See the Ryan M-1 at the Museum of Flight Web Site
In 1932, a small airplane crashed in a valley 30 miles south of Paso Robles in Southern California.  The pilot, who walked away uninjured, told the rancher who found him that he never wanted to see another airplane in his life and that he could do with it what he liked.  Fifty-eight years later - all but 10 years on that same ranch where it crashed in 1932 - the Ryan M-1, the only plane of its type in the world and the model for Charles Lindbergh's Ryan NYP (New York-Paris) 1927 "Spirit of St. Louis", is on display in the Museum of Flight Great Gallery.   

M1 frame after being restored -1982

The story of the Ryan M-1 and its subsequent salvage and restoration by Ty Sundstrom nearly a half-century later is an amazing bit of aviation history. An aircraft restorer by trade, Sundstrom was looking for an antique to work on in 1980, located the Ryan, and had it trucked to his home in Visalia, CA for repair.  Initially not realizing what a prize he had found, with help from the Ryan Aeronautical Library in San Diego, Sundstrom began piecing together the aircraft's colorful past.
M-1 was unique for a commercial machine, stressed for 8-Gs (the same as pursuit ships of the time) and fully aerobatic by 1926 standards.  At least 12 M-1s were built and sported a variety of engine installations.  In 1927, the M-1 was followed by factory serial #16, better known as the NYP.
After its rollout, the Ryan M-1 c/n 1 was sold to Pacific Air Transport, at which time the Hispano-Suiza 150A 150hp V-8 water-cooled engine was replaced with at Wright J-4B.  The plane went on to service on PAT's Los Angeles-Seattle airmail route before crashing on Christmas Day 1926.  The next month, Pacific Air Transport sold the damaged plane to a private owner in Culver City, CA, who had it rebuilt by Ryan in San Diego and replaced the Wright with a 180hp Hisso engine.  Over the next few years, the plane went from one private owner to the next until it was purchased by a Mr. Melchior of Paso Robles in 1932, who soon thereafter crashed it on the ranch where it would remain for the next 48 years.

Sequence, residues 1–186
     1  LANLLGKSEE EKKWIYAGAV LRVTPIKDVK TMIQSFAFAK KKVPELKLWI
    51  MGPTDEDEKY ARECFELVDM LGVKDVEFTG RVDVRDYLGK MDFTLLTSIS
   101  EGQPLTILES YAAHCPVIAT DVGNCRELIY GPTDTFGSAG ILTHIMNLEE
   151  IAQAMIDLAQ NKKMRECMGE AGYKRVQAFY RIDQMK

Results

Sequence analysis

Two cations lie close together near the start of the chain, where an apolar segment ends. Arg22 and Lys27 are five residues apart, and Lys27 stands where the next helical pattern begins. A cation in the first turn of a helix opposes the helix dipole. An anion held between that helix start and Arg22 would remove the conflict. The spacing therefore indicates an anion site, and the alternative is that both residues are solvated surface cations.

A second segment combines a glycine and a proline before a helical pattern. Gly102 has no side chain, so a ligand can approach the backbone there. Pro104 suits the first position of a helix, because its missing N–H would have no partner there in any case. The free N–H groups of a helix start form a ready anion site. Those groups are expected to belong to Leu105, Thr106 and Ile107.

When Sundstrom located the Ryan in 1980 it was in surprisingly good shape.  The fuselage had been placed off the ground on a cement block so it had not rusted too badly, and the wing had been buried - and preserved - in dried up mud and manure.  In addition, the dry climate of the area had helped keep the steel parts from rusting away.  Although many of the parts were missing or beyond repair, the plane had potential.
So Sundstrom set to work with the goal of restoring the 1926 aircraft to its original airworthy condition.  Over the next four years, he located an authentic Hisso engine, duplicated a new, hand-carved wood propeller, rebuilt the ailerons and engine mount from original plans and photos, and stretched the wings with Grade A cotton fabric coated with five layers of silver butyrate dope, just as it was built.  In May 1984, Sundstrom took this "new" Ryan M-1 to the skies for a five-minute flight, the first of several he would make before selling the aircraft to the Museum of Flight last year.
Now on permanent display in the Great Gallery, the Ryan M-1 allows the Museum to enhance its presentation of those early, golden days of aviation.  Sixty-four years since its first flight, the Ryan M-1 is an airplane with many stories to tell.

Article from the January/February 1991 issue of "Museum of Flight News"
Museum of Flight, Boeing Field, WA



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Visalia, California

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